Often when I finish a long work of fiction, I'll spend some time working on short stuff, sort of like a brain cleanser while I research or cogitate on the details of the next big project. Early in my career, writing magazine stories also helped me obtain publishing credits for that I'm-the-real-deal paragraph in my query letter.
Contests are another great way to pump up that last query letter paragraph. I've tried many times to win the Highlights For Children contest. I'd brainstorm a list of ten ideas and write ten magazine stories, quickly. I'd work on the best ones and submit them to the contest. While I never won, I did end up with pieces I could submit to other children's magazines. Some of those have been published.
So far, so good. But here's where the mistake occurs:
In 2003, once again, I failed to win the Highlights contest. No biggie. I popped the piece into the mail again.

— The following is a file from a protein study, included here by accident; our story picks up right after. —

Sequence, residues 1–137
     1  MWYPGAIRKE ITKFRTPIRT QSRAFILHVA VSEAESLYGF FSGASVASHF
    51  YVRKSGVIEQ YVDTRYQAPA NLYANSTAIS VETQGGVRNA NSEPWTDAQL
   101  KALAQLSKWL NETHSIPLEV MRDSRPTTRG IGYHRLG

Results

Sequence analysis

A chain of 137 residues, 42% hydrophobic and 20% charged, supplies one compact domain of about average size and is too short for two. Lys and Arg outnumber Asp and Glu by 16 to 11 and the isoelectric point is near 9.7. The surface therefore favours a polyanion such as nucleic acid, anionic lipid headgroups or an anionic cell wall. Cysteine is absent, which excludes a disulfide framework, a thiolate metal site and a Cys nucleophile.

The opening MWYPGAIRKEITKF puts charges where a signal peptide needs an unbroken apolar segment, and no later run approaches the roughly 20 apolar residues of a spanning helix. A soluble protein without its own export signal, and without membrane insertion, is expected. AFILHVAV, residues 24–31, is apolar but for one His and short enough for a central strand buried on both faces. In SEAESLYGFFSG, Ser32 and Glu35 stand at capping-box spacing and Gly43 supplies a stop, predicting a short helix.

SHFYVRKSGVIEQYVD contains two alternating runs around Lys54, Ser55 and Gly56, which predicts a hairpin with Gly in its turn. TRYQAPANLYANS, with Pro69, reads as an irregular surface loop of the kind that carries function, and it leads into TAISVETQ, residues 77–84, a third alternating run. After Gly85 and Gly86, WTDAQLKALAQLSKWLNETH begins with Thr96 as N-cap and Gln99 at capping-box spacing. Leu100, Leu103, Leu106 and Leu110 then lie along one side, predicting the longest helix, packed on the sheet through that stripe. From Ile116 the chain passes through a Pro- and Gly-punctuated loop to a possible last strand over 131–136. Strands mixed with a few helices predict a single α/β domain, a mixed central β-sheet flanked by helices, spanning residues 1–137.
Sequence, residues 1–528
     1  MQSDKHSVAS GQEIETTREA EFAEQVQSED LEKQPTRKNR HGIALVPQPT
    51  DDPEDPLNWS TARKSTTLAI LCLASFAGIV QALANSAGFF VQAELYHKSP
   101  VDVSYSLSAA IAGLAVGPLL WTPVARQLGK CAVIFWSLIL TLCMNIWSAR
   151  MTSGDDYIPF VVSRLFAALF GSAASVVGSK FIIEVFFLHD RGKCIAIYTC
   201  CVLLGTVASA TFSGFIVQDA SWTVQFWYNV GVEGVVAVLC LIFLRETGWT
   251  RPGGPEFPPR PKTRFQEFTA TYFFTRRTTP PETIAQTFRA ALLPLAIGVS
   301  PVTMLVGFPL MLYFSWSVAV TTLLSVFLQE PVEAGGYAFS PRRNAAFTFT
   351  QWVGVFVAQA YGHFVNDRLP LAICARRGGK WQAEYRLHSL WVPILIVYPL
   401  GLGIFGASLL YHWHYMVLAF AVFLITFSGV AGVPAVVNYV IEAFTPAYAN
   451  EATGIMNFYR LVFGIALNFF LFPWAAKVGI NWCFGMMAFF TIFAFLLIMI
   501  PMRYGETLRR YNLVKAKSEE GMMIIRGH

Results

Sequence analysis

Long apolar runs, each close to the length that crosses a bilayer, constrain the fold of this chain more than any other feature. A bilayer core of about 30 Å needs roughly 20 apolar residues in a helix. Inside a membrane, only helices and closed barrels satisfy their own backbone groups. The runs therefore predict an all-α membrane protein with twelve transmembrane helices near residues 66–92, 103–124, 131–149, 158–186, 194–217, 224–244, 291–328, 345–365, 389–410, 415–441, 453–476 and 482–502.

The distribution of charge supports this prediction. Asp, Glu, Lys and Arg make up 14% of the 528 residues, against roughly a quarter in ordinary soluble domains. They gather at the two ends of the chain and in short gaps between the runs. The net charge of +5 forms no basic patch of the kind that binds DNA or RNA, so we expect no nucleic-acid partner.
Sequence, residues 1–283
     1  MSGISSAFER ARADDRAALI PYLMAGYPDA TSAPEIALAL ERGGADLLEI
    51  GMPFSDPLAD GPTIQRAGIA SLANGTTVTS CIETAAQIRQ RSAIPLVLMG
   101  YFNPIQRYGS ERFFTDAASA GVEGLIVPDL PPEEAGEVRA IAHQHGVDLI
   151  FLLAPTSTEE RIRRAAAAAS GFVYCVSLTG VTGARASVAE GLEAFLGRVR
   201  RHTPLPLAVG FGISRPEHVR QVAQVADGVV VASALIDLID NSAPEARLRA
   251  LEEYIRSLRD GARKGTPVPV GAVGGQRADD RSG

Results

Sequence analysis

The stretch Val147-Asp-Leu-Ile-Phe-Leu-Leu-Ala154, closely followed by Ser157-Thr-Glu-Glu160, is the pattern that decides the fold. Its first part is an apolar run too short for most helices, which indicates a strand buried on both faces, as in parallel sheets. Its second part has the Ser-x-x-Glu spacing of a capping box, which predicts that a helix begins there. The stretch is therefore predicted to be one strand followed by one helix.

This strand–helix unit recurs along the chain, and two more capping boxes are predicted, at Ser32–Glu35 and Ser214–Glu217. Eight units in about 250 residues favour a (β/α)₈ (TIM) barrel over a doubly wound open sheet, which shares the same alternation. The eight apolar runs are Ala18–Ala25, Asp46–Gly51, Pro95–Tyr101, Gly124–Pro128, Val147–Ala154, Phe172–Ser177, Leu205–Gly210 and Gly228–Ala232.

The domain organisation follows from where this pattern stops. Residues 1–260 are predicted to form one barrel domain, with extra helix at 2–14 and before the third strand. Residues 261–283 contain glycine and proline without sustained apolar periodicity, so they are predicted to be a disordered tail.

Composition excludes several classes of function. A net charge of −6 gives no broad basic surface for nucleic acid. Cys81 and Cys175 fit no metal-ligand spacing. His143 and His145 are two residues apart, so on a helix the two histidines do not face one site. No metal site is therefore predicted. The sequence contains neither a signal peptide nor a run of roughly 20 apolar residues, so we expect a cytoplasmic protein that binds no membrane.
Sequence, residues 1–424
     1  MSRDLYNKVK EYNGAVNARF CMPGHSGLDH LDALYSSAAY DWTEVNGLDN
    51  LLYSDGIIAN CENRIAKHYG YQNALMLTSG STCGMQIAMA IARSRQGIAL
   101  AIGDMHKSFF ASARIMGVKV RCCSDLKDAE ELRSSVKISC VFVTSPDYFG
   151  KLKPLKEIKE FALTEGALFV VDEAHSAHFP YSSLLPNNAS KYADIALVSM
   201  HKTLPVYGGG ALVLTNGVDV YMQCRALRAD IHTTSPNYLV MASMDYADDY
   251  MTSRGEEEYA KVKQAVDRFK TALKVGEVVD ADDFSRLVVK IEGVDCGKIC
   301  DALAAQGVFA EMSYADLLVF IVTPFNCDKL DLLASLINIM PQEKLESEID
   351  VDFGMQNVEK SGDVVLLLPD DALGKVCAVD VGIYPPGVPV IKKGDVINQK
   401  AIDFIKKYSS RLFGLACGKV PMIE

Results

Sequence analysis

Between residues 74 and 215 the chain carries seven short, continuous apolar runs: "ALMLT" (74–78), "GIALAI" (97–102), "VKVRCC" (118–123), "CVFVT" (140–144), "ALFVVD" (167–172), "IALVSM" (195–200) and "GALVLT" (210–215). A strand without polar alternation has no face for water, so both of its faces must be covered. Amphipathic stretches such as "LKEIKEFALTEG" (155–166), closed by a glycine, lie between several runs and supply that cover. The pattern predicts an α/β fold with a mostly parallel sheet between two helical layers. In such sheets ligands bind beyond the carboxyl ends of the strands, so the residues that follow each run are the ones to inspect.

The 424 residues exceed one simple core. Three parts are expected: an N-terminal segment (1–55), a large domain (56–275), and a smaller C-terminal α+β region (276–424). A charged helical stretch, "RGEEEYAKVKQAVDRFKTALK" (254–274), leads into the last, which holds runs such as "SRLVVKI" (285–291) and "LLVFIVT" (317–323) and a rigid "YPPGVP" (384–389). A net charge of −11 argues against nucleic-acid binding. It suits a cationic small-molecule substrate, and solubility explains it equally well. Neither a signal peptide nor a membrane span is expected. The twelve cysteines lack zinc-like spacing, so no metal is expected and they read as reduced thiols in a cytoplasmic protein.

Magazine #1 said, no.
Magazine #2 said, no.
Magazine #3 said, maybe this should be a picture book?
Me: YAY!!!! I've written a picture book!!!! (I immediately popped it back into the mail.)
Book Editors #1-#6 said, NO!!!!
So I filed the manuscript and moved on to other things. No lesson learned. Yet.
A couple of weeks ago, I came across a book publisher looking for just the kind of story that's been sitting in my file cabinet for the last decade. YAY!!! I rushed to the file, ready to submit my picture book.
But I hadn't written a picture book, I'd written a magazine story. No wonder all those publishers said, no. Magazine stories have a few spot illustrations, but the description in the text provides most of the details. Picture book text leaves much more to the illustrator--and it needs a dose of magic to inspire reading over and over again. That kind magazine editor wasn't telling me that I had a picture book manuscript, only that I had an idea that could be developed into a picture book.
The thing about me in 2003? I wasn't fond of revision. I wanted to be published NOW, NOW, NOW!
Thus, Newbie Mistake #1.79: Not taking time to revise (always mistake #1, combined with not knowing the difference between two writing genres .7, plus rushing the process and sending stuff out too soon, .09).
I have now scrapped everything but the idea, and, wow, writing picture books is hard. Maybe that's why I write short stuff--it makes me really excited to delve into something long again!